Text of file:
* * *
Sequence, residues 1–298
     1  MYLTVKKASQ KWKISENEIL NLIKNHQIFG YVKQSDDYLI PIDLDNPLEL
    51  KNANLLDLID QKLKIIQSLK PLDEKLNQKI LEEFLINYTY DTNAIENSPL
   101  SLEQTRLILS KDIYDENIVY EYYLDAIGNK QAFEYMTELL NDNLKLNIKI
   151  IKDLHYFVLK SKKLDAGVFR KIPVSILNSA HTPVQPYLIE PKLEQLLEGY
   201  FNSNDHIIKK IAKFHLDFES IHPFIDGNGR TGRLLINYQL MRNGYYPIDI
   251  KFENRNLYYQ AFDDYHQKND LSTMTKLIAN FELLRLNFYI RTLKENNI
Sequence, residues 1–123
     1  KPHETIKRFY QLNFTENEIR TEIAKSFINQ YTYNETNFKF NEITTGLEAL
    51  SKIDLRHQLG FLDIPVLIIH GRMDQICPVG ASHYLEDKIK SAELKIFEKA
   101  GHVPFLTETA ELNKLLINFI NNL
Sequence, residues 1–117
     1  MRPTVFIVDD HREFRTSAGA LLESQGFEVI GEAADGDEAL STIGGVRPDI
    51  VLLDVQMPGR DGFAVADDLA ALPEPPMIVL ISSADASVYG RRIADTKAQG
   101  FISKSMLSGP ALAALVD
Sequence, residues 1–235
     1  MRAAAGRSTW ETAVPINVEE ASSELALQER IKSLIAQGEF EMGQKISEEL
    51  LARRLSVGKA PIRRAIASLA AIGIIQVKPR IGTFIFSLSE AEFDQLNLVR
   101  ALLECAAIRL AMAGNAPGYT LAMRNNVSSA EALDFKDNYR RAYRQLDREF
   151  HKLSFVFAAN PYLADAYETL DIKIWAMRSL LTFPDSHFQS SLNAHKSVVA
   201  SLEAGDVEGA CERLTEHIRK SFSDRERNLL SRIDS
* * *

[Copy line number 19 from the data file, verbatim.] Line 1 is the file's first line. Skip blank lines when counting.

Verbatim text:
   101  ALLECAAIRL AMAGNAPGYT LAMRNNVSSA EALDFKDNYR RAYRQLDREF